India is undoubtably one of the world's most unique countries; overwhelming, chaotic, cultured, and beyond terrifying (especially for first-timers).

From Delhi to Jaipur, Kolkata to Agra, backpackers need to have their wits about them at all times - to avoid the scams, scandals and straight up professional "tourist-targeters."

1. Check, check and double check hostel reviews

Hostelworld and TripAdvisor provide a decent number of reviews for hostels across #india. Always check who wrote the review, and whether the same problems are reoccurring - i.e “unsafe for solo #Female backpackers” or “little or no security at night.”

Your best bet is to find a hostel brand you like, and stick to it.

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Common and highly recommended ones include Zostel and Crashpad, based in #Backpacker areas such as Goa, Agra and Jaipur.

Location is key - check google maps, avoid staying in dodgy backstreets and stick to the popular, lively tourist areas.

2. If they ask for a photo - let them take it, because they’ll take it away!

As frustrating as it is having a camera shoved in your face every 10 to 20 minutes, sometimes it’s best to just smile for five seconds instead of explaining why you do not want a photo taken. The truth is, whether you say yes or no, 99% of the time locals will pursue taking your photo regardless.

It’s actually quite refreshing when someone is polite enough to ask you first. It’s difficult to get your head around being treated like a celebrity, but try not to take offence - if you're like me, this could be the only time some of the natives see a white, blonde person, and they want photographs to show their kids who live in more rural towns and are rarely exposed to tourists.

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3. Always book prepaid taxis and avoid travelling at night

The larger cities such as New Delhi have international trusted taxi services such as Uber and Ola, which have an installed GPS tracking device so you can always check you’re on the right roads and the driver hasn't decided to take a detour to a friends clothing shop down a back alley who conveniently sells garments for tourists.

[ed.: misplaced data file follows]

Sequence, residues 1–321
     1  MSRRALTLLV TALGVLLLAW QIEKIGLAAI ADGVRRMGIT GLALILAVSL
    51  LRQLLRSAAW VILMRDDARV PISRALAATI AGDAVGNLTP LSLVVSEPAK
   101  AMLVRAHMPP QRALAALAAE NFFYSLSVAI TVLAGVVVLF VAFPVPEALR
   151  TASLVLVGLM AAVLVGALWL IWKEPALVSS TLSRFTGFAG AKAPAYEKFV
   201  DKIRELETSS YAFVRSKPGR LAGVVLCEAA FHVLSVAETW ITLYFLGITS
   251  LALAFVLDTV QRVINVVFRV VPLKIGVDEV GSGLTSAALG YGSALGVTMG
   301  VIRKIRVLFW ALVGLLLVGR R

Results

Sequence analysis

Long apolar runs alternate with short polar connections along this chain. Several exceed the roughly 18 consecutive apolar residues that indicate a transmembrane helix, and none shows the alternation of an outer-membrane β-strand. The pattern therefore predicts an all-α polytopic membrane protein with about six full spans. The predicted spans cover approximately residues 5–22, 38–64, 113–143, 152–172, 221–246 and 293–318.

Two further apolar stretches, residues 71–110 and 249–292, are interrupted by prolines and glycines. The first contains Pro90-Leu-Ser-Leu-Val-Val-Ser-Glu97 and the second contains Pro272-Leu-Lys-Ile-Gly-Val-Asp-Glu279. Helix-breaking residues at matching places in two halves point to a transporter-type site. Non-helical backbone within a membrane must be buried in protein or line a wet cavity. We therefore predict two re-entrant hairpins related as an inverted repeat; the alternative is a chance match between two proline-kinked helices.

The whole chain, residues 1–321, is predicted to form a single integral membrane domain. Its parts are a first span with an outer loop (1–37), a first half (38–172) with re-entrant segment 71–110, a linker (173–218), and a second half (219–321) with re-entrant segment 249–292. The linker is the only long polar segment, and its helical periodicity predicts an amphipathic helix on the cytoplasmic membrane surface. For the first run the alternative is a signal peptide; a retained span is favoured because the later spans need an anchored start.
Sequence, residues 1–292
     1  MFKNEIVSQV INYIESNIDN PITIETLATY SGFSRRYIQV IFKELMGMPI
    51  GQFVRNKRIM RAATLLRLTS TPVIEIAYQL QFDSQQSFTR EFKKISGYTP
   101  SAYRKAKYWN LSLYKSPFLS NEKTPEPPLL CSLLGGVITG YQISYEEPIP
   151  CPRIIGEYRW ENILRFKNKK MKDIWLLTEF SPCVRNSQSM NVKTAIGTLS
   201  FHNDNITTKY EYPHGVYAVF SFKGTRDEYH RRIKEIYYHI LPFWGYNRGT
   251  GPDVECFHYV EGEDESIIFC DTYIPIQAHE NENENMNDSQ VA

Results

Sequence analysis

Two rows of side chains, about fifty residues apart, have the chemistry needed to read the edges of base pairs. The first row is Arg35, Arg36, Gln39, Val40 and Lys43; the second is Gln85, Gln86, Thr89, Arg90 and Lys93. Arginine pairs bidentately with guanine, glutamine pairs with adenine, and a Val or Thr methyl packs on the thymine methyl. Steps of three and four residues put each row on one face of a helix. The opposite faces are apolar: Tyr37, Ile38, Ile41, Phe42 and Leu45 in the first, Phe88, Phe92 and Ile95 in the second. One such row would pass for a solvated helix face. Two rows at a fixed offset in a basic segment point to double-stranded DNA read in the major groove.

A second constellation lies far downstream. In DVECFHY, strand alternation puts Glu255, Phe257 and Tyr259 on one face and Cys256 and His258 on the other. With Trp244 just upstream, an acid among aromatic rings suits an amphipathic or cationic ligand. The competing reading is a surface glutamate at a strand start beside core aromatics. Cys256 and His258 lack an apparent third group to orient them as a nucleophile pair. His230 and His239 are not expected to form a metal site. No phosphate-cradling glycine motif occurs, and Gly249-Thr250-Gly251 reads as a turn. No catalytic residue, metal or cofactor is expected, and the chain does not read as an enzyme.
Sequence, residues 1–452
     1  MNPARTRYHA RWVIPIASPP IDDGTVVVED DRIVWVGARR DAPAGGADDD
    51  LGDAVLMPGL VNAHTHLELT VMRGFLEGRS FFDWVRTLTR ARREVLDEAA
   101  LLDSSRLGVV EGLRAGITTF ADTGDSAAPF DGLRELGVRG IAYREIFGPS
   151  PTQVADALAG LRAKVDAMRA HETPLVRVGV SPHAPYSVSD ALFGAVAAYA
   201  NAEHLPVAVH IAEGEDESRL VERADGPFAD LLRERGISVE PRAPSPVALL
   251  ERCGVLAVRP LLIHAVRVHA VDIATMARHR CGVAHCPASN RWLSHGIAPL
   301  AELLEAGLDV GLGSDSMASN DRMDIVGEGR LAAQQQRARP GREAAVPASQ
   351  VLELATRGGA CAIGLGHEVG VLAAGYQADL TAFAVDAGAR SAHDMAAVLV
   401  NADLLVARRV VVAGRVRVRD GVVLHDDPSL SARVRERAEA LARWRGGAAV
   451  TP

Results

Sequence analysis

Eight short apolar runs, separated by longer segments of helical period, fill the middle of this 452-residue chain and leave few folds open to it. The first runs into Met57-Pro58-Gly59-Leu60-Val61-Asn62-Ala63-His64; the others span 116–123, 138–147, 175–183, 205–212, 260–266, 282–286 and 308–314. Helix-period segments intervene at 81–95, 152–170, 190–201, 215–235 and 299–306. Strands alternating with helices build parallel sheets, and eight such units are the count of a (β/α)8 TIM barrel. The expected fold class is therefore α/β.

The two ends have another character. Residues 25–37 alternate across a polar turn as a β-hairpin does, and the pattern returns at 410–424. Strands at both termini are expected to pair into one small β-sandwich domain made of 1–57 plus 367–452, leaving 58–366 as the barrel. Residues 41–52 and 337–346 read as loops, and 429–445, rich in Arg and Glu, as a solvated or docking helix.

If you’re in a more rural area and do not have access to apps such as Uber, ask (trusted) hostel staff to book you a taxi and make it clear you want a safe driver, even if it means paying a little extra. Always firmly agree on a price prior to entering the taxi, incase they decide to add an extra £20 when you reach your destination.

4. Download offline apps

If India isn’t scary enough, it’s even scarier when you’re lost. Although many restaurants, bars and hostels have access to wifi, 3G is highly expensive abroad so most backpackers choose to switch it off. Apps such as “Maps Me” can be a lifesaver in situations where you’re walking to a local tourist hotspot, but accidentally walk 2km in the wrong direction.

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Offline apps use GPS to locate your exact whereabouts, and follows you as you’re travelling, so you can see the precise road you’re on and whether you’re travelling in the right direction. You can also ‘share your location’ to a friend or family member, so they can also track your journey.

5. Avoid drawing attention to yourself

Although this may seem like an obvious one, it can be difficult to comprehend how differently women are treated in India compared to Western countries. Many tourist spots are associated with religion, therefore women are expected to be respectful within their clothing.

Although some may not agree with the concept, covering your shoulders and not wearing short shorts could save a lot of hassle and unwanted attention. Most markets sell thin, breezy trousers and Indian style kimonos which are perfect to chuck on with a vest and still allow room to feel cool in 30+ degree heat.